9. By Carl K on Oct 28, 2010 | Reply

    Rick – you are spot on!
    I can’t understand why no one in the Vikings organization can see this?
    We have problems most teams would love to have? And we can seem to fix it?

  10. By Woodboat on Oct 28, 2010 | Reply

    Carl, the one big problem that we do have is that the guy thats getting paid to fix these problems isn’t capable of doing it. I don’t think most teams in the league would be eager to take Childress off our hands.

  11. By purplehaze on Oct 28, 2010 | Reply

    he’s a freak in the slot, can you imagine him, Rice, and Moss all together, unstoppable…

  12. By purplehaze on Oct 28, 2010 | Reply

    i agree woodboat, Chilidog is maybe a decent offensive coach for any given team. Same happened to Charile W. when he came over to us here in Norte Dame country, the job was too much to handle, some guys just aren’t cut out to be head coaches.

  13. By taser brad on Oct 28, 2010 | Reply

    Percy – You are the greatest! I hope Rice comes all the way back soon. Hutch, I hope you are going to play. Brett, I hope you rest and understand, that just becasue you have done it before, (playing with injury, does not mean you should do it now) You be pationt and wait for health and let Jackson up for air. How about some 3 man wildcat with Webb, Percy and Peterson in the backfield. Let them blitz and get burned. Peterson in the left flat, Harvin in the right, Web can dump it or squirt off a run up the middle. Quick…yuur the backer, what do you do?

  14. By viking joe on Oct 28, 2010 | Reply

    i’d say open play book to the offense let them do what they know best is move the ball down the feild,and put faith that they’ll do it !! insted of being told what to like sohpmores…skol viks!!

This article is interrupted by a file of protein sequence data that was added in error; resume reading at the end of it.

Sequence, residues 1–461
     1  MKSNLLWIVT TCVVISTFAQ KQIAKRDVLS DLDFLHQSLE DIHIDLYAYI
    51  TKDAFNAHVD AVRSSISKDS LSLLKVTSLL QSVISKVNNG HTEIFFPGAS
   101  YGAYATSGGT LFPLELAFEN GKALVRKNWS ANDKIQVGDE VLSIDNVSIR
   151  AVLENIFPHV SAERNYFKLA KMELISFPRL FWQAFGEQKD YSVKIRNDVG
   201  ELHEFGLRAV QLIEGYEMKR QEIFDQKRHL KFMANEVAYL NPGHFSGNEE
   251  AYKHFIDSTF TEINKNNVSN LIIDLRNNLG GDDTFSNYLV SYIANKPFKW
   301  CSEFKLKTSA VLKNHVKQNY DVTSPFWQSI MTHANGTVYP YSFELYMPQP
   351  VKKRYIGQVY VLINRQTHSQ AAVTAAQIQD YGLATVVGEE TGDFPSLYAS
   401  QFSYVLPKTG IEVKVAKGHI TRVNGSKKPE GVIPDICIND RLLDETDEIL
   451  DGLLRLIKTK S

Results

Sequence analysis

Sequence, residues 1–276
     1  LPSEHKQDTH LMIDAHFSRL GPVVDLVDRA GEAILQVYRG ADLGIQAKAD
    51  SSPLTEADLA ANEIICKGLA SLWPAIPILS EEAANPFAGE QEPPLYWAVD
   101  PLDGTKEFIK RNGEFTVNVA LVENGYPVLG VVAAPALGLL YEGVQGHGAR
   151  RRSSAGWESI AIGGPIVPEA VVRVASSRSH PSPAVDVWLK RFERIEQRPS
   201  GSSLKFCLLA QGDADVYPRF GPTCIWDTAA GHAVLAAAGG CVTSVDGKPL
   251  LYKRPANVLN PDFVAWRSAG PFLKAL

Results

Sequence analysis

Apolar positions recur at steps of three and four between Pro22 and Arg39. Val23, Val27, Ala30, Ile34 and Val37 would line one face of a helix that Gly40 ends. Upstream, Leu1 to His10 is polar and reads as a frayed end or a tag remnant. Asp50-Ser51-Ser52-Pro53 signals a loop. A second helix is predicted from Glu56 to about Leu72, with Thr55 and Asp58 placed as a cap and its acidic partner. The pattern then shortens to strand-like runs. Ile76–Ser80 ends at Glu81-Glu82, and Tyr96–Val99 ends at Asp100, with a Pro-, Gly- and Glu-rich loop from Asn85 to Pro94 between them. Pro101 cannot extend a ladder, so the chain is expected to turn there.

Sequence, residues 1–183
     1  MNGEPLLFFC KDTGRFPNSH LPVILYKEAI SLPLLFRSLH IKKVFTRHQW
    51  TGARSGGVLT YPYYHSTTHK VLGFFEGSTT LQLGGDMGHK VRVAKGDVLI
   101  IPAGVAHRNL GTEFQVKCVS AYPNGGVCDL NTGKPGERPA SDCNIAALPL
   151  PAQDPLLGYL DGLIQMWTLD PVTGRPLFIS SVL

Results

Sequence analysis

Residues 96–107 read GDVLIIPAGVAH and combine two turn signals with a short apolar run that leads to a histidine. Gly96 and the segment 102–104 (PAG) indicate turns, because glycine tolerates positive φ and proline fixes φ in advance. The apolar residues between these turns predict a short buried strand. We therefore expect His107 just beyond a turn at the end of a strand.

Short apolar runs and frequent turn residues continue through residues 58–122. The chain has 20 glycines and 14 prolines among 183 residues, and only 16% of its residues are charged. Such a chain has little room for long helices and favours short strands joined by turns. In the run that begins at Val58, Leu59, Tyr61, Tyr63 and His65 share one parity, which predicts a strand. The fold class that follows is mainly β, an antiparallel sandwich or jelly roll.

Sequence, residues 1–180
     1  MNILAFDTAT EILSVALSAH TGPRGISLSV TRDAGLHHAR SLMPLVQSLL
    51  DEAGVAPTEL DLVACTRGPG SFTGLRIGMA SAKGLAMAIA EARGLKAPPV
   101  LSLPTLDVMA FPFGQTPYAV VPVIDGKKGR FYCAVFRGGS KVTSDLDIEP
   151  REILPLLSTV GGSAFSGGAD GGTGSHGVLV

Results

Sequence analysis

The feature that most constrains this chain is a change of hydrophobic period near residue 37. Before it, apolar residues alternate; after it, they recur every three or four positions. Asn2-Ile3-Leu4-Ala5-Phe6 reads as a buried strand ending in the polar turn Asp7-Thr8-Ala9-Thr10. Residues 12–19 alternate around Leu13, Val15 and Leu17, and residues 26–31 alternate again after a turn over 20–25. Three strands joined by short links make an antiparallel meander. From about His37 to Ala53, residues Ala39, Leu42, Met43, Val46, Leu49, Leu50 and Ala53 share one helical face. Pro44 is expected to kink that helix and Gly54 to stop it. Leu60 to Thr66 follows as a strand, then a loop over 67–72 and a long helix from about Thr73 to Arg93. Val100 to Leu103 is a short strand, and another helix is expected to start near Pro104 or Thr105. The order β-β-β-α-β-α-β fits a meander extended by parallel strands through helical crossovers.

15. By Cor-XLVikings ! on Oct 28, 2010 | Reply

    I TOLD PERCY i would say this,,,, YOU ARE A MACHINE number 12 !!!! even Wes Craven fears you….Go Percy, Randy, A.P. Shank the tank, Brett, O-line !

  16. By TWVIKE on Oct 28, 2010 | Reply

    Great job Percy. By aquiring Moss the recievers have gotten better because Randy draws double coverage. If Sydney returns it will make it very hard for the opposition. Our problem is that Brett is getting the dog snot knocked out of him. Not many QBs can take that kind of punishment. You can have the best wide-outs, but that means nothing if your QB is on his back.

  17. By Vikings4Life on Oct 29, 2010 | Reply

    @ TWVIKE

    We have a good line…. Bret can’t always expect to have an hour to through look at most quarterbacks its One two three throw not One two three four. . . . ten eleven through…. We need to have timed routes and stuff. Look at the past teams that one Patriots have timed routs 3 secs then through to this spot….

  18. By gj on Oct 29, 2010 | Reply

    Find Harvin, and find sucess. Pretty simple.